Saturday, October 11, 2014

Sand Creek

I just finished reading a collection of poems by Simon Ortiz titled "Sand Creek." I've read quite a bit of Native American poetry, but this collection felt the most relevant to me and to the Chamorro experience. There are some ways that the Native American experience in all its variations connects to those of Chamorros. The ecological spirituality can be nice, but also feels very abstract and very disconnected from the present at times. The family ties and closeness to the land carries the same beautiful, but sometimes abstract weight. The centuries and layer of oppression and injustice also hit home, so do contemporary feelings of loss and cultural erosion. What made the difference in Simon Ortiz's volume was the scattered mentions of militarism and its role in Native American culture today. Military service has married itself to Chamorro culture over the past century, but the same can be said for different tribes across the US. From marganilized, infantilized and feminized positions within US colonial society, Chamorros and Native Americans signed up for the military in order to reclaim a feeling of power and masculinity. They also did so in hopes of improving their lives economically, getting opportunities they felt were impossible otherwise. Both communities generally celebrate the positives. After all from mess attendants, to cavalry scouts, to Navajo Codetalkers to nowadays generals and admirals, it is pretty exciting to think how from such tortured and despicable and violent histories native peoples have accomplished so much. But these narratives do so much damage as well. They gloss over historical marginalization and also deny contemporary forms of it. They create false feelings of inclusion, for example, for Chamorros, the fact that they serve in the military so much, and wear the uniform and "fight for freedom" does little to nothing to solve the colonial status of their islands.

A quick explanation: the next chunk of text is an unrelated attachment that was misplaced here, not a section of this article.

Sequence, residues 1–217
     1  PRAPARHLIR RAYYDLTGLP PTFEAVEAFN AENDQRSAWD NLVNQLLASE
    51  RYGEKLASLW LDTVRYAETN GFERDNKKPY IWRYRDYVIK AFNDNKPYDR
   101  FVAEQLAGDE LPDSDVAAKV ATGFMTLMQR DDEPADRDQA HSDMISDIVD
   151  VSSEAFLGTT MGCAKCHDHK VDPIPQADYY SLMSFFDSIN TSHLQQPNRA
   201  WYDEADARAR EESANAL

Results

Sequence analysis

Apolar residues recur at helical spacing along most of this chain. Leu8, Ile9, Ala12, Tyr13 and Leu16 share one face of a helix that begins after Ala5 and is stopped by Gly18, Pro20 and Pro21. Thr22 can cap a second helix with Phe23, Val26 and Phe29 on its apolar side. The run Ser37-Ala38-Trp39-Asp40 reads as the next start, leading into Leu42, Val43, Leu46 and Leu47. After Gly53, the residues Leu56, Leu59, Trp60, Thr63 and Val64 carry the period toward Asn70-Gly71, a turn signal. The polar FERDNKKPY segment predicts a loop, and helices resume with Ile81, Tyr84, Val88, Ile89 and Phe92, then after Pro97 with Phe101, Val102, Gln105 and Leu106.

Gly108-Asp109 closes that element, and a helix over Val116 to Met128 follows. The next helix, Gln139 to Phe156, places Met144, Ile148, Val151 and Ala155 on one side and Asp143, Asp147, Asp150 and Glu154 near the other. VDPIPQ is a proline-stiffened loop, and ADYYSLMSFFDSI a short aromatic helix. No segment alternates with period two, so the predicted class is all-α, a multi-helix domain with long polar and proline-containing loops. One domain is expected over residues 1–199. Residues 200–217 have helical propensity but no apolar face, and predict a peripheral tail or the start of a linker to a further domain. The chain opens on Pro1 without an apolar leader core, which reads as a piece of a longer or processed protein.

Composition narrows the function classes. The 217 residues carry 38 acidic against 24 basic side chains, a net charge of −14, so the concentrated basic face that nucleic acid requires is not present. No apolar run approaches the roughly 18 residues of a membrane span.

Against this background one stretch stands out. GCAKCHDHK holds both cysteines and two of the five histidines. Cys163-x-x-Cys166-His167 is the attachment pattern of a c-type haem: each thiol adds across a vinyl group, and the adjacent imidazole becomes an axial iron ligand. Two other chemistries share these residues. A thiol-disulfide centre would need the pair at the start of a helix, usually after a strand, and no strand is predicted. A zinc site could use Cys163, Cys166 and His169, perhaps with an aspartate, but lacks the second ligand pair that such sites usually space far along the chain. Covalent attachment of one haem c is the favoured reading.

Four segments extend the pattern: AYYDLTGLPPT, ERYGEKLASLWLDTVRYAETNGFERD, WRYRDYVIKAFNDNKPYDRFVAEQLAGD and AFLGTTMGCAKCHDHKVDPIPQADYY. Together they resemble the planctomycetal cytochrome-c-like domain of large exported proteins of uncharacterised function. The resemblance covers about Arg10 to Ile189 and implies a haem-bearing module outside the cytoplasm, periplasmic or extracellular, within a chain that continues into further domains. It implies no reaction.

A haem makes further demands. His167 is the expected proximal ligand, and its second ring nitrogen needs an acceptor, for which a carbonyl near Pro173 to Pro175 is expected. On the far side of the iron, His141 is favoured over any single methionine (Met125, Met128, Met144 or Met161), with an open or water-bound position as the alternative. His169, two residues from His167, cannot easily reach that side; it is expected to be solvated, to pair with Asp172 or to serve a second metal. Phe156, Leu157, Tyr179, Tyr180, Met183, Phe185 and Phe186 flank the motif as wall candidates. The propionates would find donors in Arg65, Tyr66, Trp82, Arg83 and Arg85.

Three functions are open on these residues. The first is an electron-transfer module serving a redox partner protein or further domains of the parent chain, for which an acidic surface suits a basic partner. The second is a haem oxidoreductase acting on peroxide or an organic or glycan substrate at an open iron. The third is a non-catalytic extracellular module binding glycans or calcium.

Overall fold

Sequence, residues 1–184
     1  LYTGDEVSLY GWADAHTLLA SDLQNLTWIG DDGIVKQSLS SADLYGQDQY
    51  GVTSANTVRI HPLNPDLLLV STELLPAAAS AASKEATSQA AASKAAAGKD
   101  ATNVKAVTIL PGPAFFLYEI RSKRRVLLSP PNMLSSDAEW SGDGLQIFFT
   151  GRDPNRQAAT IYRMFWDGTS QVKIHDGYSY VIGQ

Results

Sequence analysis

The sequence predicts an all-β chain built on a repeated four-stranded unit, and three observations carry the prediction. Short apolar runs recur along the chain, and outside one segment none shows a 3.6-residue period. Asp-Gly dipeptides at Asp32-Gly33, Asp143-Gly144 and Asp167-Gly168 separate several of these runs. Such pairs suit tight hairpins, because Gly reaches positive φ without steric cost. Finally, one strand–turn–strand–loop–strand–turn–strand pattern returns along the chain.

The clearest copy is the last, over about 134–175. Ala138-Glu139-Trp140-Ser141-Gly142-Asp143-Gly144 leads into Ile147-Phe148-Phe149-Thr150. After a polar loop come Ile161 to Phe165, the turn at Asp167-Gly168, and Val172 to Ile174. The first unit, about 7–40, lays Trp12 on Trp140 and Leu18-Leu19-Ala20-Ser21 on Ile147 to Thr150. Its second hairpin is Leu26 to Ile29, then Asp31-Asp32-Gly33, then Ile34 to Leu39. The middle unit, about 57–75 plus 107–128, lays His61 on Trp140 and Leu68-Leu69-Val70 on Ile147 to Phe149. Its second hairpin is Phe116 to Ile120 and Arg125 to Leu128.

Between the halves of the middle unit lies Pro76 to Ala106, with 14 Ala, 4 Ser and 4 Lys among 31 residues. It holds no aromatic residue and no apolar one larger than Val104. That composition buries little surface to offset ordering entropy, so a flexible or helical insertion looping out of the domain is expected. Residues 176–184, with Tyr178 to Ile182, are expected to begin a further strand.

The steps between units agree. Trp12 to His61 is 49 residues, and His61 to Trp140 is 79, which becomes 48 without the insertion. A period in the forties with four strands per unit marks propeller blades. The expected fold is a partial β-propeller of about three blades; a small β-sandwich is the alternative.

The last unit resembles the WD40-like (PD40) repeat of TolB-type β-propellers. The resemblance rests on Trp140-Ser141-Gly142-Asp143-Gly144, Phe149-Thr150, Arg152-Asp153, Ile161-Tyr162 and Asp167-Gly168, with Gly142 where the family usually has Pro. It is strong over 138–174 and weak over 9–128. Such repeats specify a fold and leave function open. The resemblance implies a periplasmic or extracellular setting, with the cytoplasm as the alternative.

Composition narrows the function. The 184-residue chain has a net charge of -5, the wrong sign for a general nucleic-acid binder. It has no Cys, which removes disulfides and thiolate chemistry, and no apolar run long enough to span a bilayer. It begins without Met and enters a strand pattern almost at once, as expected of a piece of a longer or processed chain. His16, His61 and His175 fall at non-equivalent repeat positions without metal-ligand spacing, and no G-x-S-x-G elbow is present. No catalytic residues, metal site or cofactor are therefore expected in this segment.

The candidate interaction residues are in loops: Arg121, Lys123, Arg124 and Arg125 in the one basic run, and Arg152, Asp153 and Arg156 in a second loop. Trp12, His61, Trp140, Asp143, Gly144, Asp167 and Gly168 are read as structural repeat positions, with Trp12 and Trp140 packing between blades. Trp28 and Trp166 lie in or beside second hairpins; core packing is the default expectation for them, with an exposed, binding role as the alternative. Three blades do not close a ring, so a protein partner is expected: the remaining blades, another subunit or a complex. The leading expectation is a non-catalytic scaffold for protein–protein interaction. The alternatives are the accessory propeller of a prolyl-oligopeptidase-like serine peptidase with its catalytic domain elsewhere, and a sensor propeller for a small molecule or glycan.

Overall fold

Below is one of the poems:


Busted Boy

By Simon J. Ortiz
He couldn’t have been more than sixteen years old,
likely even fifteen. Skinny black teenager, loose sweater.
When I got on Bus #6 at Prince and 1st Avenue,
he got on too and took a seat across from me.
A kid I didn’t notice too much because two older guys,
street pros reeking with wine, started talking to me.
They were going to California, get their welfare checks,
then come back to Arizona in time for food stamps.

When the bus pulled into Ronstadt Transit Center,
the kid was the last to get off the bus right behind me.
I started to cross the street to wait for Bus #8
when two burly men, one in a neat leather jacket
and the other in a sweat shirt, both cool yet stern,
smoothly grabbed the kid and backed him against
a streetlight pole and quickly cuffed him to the pole.

Plastic handcuffs. Practiced manner. Efficiently done.
Along with another Indian, I watch what’s happening.
Nobody seems to notice or they don’t really want to see.
Everything is quiet and normal, nothing’s disturbed.
The other Indian and I exchange glances, nod, turn away.
Busted boy. Busted Indians. Busted lives. Busted again.

I look around for the street guys going to California.
But they’re already gone, headed for the railroad tracks.
I’m new in Tucson but I’m not a stranger to this scene.
Waiting for the bus, I don’t look around for plainclothes.
I know they’re there, in this America, waiting. There; here.
Waiting for busted boys, busted Indians, busted lives.
Simon Ortiz, “Busted Boy” from Out There Somewhere. Copyright © 2002 by Simon Ortiz

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